Want to find more examples? Get out your copy of CHRIS ALEXANDER’S BLOOD SPATTERED BOOK and play along at home! Or break out your old Rue Morgue collection and see how many recycled copy and paste stories are making second and third runs through the guts of trusting publishers eager for content.

He even recycled his music career in the exact same fashion. Consider his Music for Murder album.

From SHOCK in October of 2015 (Archive Link) the headline reads:

Watch Creepy Video for SHOCK Editor Chris Alexander’s new song ORGAN GRINDER

New song? New album?

Then what was this review from 2012 all about then? (Archive Link)

Particularly this passage which seems to suggest that Organ Grinder is anything but a new song:

The first time I slapped on Chris Alexander’s 2004 album BlackGloveKiller, I heard the track ‘Organ Grinder’ and gasped out a quick, “Holy hell.”

2004? This song goes back to 2004? And Music for Murder goes back to at least 2012? But Chris said it was new!

It seems even Chris is confused. His own website indicates Organ Grinder (Archive Link) was used in 2007 to score a film by Rue Morgue publisher Rodrigo Gudino. So here we are again with Chris recycling material everywhere he goes. He arrives at a new place and he dusts off his old work, reheats it in the old copy and paste machine and he is making magic.

I guess we come to some questions at this point.

Why does this matter? Why should we care that a writer is recycling his past work and passing it off as new material? Does authenticity really matter anymore? Why shouldn’t a guy like Alexander get what he can for his work anywhere he can?


Crave is the #1 male lifestyle content publisher in the world right now with sprawling digital properties growing all over the internet and creating built-in networks to sell advertising to a cherished 18 to 34 “millennial influencer” target market. To say they are kind of a big deal is an understatement. They work on big marketing campaigns for the biggest brands in the world.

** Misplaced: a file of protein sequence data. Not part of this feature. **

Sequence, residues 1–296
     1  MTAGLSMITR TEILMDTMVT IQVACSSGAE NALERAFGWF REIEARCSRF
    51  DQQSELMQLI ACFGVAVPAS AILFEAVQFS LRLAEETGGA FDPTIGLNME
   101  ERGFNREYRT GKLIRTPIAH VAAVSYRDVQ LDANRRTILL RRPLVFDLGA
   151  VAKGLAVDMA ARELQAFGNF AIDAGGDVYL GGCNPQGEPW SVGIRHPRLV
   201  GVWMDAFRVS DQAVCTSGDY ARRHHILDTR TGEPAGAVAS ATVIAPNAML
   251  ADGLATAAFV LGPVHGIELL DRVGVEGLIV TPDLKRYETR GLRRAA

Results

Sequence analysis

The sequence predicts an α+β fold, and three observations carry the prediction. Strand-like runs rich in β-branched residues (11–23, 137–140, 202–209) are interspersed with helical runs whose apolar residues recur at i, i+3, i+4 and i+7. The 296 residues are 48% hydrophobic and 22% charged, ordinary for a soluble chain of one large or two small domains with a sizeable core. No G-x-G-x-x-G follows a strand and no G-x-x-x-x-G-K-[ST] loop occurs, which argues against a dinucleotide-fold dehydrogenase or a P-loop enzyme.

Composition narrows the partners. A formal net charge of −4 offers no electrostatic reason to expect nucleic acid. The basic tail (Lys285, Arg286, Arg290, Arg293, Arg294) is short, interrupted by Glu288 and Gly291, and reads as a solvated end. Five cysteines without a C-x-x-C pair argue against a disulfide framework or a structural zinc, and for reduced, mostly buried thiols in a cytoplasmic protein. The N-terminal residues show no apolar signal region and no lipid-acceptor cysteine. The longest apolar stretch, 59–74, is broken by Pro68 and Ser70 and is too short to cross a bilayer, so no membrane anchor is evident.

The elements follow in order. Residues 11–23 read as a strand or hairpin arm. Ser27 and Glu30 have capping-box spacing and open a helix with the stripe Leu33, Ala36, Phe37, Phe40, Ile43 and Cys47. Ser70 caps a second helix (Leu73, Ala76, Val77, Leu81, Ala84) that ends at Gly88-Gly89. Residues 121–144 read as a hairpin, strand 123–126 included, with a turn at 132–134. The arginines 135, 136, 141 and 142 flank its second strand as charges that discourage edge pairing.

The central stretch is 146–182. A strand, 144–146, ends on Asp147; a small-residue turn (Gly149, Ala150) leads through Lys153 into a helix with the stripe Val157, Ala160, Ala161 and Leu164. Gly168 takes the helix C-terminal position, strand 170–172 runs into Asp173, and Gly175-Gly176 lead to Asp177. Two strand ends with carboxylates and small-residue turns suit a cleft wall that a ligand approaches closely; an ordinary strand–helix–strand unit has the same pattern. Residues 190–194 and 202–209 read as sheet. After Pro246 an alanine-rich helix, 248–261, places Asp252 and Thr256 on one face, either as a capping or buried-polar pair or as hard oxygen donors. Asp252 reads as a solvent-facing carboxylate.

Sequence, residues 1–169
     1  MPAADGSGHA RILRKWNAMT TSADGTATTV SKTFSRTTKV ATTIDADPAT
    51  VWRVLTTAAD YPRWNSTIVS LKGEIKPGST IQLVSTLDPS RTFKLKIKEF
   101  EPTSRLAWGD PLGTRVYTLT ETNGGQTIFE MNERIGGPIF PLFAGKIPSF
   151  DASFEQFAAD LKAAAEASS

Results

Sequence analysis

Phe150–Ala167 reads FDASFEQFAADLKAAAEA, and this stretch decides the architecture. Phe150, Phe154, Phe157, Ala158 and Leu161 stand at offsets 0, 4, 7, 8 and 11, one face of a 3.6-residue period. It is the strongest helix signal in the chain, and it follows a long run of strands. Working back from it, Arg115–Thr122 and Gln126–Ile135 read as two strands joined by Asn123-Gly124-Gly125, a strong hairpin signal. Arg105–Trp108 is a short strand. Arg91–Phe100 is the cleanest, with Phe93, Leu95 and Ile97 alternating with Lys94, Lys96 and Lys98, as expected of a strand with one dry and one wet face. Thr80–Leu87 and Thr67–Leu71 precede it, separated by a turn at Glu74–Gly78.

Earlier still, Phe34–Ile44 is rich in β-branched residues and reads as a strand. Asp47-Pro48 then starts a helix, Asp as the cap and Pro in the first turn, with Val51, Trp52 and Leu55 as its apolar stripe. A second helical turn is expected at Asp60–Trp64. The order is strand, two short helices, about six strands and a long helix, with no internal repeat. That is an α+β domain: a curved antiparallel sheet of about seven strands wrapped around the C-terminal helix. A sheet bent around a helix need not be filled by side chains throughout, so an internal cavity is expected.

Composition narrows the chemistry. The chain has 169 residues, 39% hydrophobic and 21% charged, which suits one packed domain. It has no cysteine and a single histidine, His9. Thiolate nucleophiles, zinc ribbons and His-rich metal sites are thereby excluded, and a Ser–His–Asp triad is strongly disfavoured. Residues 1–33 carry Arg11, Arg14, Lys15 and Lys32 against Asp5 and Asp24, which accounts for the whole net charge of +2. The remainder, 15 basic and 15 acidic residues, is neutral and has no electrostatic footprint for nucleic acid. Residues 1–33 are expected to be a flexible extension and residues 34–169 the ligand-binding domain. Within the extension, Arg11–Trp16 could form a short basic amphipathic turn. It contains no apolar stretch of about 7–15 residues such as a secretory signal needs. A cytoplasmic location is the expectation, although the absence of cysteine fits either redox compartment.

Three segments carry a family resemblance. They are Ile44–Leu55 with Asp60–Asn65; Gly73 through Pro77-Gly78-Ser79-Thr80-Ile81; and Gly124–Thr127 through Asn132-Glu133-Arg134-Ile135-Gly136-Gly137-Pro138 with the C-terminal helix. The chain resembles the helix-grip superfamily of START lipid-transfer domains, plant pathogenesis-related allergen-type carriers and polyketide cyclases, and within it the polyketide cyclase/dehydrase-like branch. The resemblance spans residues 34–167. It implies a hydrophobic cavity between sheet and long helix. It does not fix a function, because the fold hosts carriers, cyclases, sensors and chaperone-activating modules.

So when we ask why the history of Chris Alexander’s interview here matters we can go right to Crave itself and see what they think, at least in theory, about the issue. Here’s a shot from the front page of their website:

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Exclusive and original content.

Let that gestate for a moment. Exclusive and original.

Why would Crave care about providing exclusive and original content? Well fortunately they are pretty open about it all, so much so that they have handily posted this study of their target demographic. We can actually learn quite a bit about the Crave strategy and what they value as a company by spending some time with this document and what we find is that Crave is all about a demographic called the “millennial influencer”.

From the study:

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What Crave has identified here is a marketing goldmine that it thinks will produce superior results for its advertising customers. Essentially Crave believes it’s audiences are better consumers.

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So what Crave is seeking is the attention of the Valuable Purchase Influencer. As you can see they feel like this cohort is very valuable but also that it has values of its own, which you see reflected in the Crave brand itself.

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Authentic voices! Clearly they believe the millennial influencer values authenticity. Why are influencers so valuable to Crave’s customer base of advertisers?